I think it’s safe to say the D810 is the best 35mm DLSR on the market right now for professional still photographers, unless you shoot sports, in which case you’ll likely opt for the greater speed of a D4s or Canon 1D X—but both of those are about twice the price. And if you do want to shoot sports with a D810, simply switch it do DX crop mode, attach the MB-D12 battery grip with AA batteries, and now you can shoot 16MP images at 7 frames per second. Not too shabby.

With the original D800, I thought that digital photography had all but plateaued. I mostly still feel that way. The D810 adds some very welcome enhancements, but at its core is the same camera that photographers already know (and love). Should you trade in your D800 for a D810? Honestly, I can’t answer that. For some people, professional event shooters and videographers, I think it is definitely worth it. After all, if you are actively using your gear to earn an income, there’s no reason not to if you’ve got room in your budget this year. But for that other group, for those of us who don’t mind spending half a day just finding the right spot to set up a tripod, I think we’re probably okay sticking with the D800 or D800e. Then again, you might also still be okay with your F100. The main reason I love the D810 so much is the same reason I loved the D800: it taught me how to take my time. By focusing on how to achieve a technically good image, I learned how to make an aesthetically good one (despite how poor my review images may be.)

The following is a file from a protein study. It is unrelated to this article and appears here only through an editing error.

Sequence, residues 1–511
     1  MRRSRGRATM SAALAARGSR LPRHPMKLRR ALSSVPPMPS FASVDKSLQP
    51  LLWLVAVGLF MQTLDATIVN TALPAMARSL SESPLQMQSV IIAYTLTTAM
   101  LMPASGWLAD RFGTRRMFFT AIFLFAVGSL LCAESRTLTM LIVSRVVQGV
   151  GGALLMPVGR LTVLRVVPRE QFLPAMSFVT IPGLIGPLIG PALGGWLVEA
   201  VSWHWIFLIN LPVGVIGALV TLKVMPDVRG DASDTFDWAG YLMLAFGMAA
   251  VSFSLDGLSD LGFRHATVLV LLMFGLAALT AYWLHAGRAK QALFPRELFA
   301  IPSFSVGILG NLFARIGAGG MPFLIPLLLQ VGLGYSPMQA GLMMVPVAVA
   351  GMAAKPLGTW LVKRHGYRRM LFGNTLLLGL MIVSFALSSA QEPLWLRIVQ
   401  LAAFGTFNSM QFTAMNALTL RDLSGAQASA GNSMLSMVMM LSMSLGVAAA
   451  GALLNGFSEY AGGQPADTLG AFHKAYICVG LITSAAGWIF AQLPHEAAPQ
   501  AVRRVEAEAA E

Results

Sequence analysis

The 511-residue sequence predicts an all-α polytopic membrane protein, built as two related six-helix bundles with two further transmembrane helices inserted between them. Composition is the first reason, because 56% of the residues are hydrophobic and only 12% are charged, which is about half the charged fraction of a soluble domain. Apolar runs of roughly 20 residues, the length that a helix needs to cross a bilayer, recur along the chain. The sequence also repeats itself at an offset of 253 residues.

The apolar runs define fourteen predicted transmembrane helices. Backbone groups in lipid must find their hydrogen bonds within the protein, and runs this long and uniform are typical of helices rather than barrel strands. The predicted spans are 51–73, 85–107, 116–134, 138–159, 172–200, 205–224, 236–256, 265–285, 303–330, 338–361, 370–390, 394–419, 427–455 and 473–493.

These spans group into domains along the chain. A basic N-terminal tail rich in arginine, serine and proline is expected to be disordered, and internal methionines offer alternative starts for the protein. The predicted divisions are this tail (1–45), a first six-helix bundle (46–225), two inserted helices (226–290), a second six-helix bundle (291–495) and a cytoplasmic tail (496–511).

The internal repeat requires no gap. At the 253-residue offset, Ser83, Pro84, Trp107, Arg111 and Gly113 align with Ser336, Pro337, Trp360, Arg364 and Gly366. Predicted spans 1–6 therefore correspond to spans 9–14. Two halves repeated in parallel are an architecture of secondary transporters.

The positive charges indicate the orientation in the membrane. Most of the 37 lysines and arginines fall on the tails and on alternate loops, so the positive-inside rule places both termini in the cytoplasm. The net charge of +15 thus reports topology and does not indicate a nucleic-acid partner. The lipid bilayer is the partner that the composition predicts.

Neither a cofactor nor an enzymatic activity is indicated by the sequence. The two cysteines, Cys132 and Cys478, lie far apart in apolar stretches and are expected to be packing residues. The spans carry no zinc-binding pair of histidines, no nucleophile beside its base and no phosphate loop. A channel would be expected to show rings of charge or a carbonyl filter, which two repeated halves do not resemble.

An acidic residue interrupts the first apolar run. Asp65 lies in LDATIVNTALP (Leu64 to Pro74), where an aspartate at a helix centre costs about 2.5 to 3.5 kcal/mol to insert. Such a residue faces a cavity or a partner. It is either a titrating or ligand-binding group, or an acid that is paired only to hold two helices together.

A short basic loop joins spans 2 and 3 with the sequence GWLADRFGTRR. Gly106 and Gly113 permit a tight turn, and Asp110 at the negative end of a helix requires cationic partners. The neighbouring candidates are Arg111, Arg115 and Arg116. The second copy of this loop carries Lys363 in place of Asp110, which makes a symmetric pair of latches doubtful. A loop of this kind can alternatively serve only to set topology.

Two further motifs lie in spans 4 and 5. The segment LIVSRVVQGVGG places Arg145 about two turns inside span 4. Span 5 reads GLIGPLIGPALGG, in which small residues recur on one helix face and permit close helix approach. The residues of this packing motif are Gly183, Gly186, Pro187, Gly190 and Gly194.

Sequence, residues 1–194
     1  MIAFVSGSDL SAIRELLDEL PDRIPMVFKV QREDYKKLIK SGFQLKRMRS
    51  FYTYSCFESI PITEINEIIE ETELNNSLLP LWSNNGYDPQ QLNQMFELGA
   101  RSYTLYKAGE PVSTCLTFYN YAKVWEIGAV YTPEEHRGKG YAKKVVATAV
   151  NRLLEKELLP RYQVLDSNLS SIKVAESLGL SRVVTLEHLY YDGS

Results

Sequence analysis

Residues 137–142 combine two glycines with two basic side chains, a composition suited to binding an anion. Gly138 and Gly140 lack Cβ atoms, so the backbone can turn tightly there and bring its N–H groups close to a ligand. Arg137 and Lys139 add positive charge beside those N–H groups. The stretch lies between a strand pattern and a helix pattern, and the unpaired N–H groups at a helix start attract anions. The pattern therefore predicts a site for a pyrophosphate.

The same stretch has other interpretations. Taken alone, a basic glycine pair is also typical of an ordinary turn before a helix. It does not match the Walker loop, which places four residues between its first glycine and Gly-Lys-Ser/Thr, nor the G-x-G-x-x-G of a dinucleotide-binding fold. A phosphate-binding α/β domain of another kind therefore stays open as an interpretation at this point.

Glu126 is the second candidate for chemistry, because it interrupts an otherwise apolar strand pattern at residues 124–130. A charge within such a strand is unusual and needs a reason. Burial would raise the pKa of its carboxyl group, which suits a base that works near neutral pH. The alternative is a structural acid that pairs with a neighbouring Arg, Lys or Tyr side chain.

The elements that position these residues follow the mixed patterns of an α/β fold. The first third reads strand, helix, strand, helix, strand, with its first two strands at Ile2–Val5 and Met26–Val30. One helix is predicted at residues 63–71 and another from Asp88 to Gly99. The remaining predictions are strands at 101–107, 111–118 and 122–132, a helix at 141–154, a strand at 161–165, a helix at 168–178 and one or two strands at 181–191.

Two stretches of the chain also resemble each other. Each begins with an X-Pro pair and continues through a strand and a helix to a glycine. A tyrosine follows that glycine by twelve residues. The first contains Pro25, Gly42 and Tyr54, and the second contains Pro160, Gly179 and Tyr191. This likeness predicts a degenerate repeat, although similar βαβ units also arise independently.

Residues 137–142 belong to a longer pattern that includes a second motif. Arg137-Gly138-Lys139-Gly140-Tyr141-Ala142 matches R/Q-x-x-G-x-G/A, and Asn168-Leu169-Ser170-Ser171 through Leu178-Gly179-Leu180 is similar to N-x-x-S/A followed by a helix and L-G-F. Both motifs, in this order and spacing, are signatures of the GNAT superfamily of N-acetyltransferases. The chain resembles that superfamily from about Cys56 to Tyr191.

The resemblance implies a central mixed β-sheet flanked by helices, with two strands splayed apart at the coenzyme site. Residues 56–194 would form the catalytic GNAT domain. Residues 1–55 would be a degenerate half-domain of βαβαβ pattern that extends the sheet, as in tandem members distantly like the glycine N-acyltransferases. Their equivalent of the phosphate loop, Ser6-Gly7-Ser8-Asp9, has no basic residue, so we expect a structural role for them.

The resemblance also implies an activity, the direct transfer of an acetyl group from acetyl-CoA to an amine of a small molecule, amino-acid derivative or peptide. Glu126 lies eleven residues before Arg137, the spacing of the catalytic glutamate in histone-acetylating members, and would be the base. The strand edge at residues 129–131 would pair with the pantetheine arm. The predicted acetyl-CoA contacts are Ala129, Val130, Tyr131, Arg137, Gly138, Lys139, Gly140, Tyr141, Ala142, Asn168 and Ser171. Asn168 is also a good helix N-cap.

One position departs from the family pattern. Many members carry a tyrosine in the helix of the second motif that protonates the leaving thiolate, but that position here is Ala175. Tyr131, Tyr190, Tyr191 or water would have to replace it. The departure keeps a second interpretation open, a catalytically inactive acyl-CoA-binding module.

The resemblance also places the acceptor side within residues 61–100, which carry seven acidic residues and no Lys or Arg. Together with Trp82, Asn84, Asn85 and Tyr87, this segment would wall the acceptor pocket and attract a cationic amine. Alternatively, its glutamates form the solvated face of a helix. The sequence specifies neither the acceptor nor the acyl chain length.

The D810 is a masterful camera, representing the current pinnacle of digital imaging technology. It is a camera that will give you more the more you put into it, and it has been refined to appeal to a wider array of users. But it also represents the maturation of digital photography. The time of frothing at the mouth over a new camera is over. Despite whatever exciting technology comes next, I doubt we’ll ever experience another shock-and-awe moment to compare to the number of jaws that dropped when people first heard that the D800 would have 36 million pixels. But perhaps that’s not a bad thing. The D810, for all it’s technical wizardry, is an invitation to get back in touch with your photographic roots. To take your time, plan your shot, and slowly build up to the moment the shutter clicks. (And yes, I sort of stole that line from Joe McNally.)